I frequently talk to people who are dealing with aggression and reactivity issues with their dog. These behaviors have a bunch of different causes, but most owners think that it stems from the same thing. They all think that their dog is behaving this way because they are being protective. This could not be further from the truth.
Your Dog is Not Rin Tin Tin
Dogs are not capable of determining whether or not you need them to be protective. Even a trained protection dog is operating off of a trained cue, which is either a certain behavior from the “bad guy” or a verbal command from their handler. In fact, a protection dog who will make up their own mind about who to bite is a massive liability.
Now take into account the typical reactive German Shepherd. It isn’t just suspicious people in dark alleys that they bark at. It’s the neighbor kid running around with a balloon. It’s the doodle puppy on a flexi leash. It’s somebody bringing their groceries in from the car. None of those things are of any threat to you, and your dog is behaving that way due to other factors.
Understanding that this type of behavior is not your dog protecting you is key to resolving their issues. Let’s examine the reasons why your dog might be reactive in the yard or on the leash.
Barrier frustration is an unfortunate side effect of how many pet dogs are handled on a daily basis. Having a tight leash all the time when walking around the neighborhood is very frustrating. Being behind a fence all day with dogs walking back and forth outside is very frustrating. A textbook sign of reactivity being frustration based is a dog who is social in a loose, free setting, and then acts crazy when they are on a leash.
This behavior starts with excitement toward people and/or dogs. The dog gets very excited seeing something walk by, and they are held back from it and the person/dog leaves. This happens over and over again, and that excitement starts to turn to frustration, and the dog’s behavior gets worse and worse.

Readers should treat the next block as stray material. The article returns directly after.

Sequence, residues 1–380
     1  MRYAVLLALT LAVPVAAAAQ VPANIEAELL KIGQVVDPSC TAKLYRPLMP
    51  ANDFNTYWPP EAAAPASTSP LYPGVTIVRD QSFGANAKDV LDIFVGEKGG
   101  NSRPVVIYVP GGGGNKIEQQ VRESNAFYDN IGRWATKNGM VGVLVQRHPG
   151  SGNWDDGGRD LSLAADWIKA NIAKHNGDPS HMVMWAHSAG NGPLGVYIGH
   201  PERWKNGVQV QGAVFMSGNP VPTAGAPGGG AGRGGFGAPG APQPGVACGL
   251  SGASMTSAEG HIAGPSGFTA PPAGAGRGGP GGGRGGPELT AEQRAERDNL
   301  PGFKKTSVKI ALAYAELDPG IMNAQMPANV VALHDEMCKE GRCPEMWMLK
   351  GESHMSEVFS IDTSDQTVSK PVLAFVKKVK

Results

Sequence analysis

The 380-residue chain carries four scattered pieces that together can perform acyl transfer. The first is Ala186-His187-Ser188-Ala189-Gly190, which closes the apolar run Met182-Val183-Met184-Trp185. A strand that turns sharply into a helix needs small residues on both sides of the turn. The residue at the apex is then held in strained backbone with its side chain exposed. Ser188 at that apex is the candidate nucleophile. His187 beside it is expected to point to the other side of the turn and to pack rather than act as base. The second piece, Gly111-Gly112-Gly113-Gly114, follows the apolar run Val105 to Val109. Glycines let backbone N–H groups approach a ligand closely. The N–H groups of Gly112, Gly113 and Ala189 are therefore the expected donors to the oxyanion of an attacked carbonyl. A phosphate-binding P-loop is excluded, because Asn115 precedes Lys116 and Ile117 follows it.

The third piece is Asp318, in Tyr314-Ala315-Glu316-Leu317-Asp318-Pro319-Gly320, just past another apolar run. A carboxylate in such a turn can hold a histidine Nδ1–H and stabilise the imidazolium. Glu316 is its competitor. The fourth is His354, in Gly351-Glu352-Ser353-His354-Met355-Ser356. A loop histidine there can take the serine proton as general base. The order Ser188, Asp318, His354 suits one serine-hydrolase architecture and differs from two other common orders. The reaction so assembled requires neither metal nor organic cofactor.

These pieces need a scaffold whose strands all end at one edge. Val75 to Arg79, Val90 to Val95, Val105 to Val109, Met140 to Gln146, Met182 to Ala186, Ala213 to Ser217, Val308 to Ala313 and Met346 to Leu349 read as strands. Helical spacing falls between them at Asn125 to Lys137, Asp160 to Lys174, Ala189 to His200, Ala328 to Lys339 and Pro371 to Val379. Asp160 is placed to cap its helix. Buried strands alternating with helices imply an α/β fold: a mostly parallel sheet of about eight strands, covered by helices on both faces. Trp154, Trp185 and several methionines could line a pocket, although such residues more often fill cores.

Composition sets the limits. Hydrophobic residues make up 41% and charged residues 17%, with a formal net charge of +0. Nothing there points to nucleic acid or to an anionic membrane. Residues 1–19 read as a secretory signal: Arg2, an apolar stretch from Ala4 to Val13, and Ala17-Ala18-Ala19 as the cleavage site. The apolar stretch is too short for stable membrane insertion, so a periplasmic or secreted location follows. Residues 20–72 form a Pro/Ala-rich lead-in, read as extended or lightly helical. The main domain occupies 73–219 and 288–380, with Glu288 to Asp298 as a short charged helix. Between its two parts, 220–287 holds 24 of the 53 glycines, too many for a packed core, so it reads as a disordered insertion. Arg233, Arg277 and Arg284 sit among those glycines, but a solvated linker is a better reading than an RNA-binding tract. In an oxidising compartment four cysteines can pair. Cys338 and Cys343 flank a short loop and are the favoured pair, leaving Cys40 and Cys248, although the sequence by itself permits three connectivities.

Fear issues can also cause displays of aggression when on leash, or when somebody comes to the house. This is often the result of small body language signs being ignored for a period of time. For example, you might have a friend come over to meet your new 8 week old puppy. When the friend comes in, your puppy walks away and tries to get some space from this strange new person. This friend, meaning well, goes over and picks the puppy up to pet it. Your puppy just had it’s first lesson that trying to avoid confrontation does not work.
More and more of these situations happen, and your dog decides to try something different. They bark, or they growl, or they snap. And it instantly works extremely well, and gives the dog what they have been looking for. They now know of an extremely effective way to protect their personal space, and it works much better than just trying to move away from the issue.
3. Resource Guarding and Being Territorial
This is an issue that does very much resemble “protective” behavior from your dog, but the reality is more concerning. A common situation where this happens is when the dog is hanging out with the owner, and somebody goes to hug the owner. The dog then responds aggressively, and everyone assumes that the dog is doing it because they thought the hug was something nefarious. In actuality, the dog is viewing the owner as a resource, and is preventing anybody else from interacting with their resource.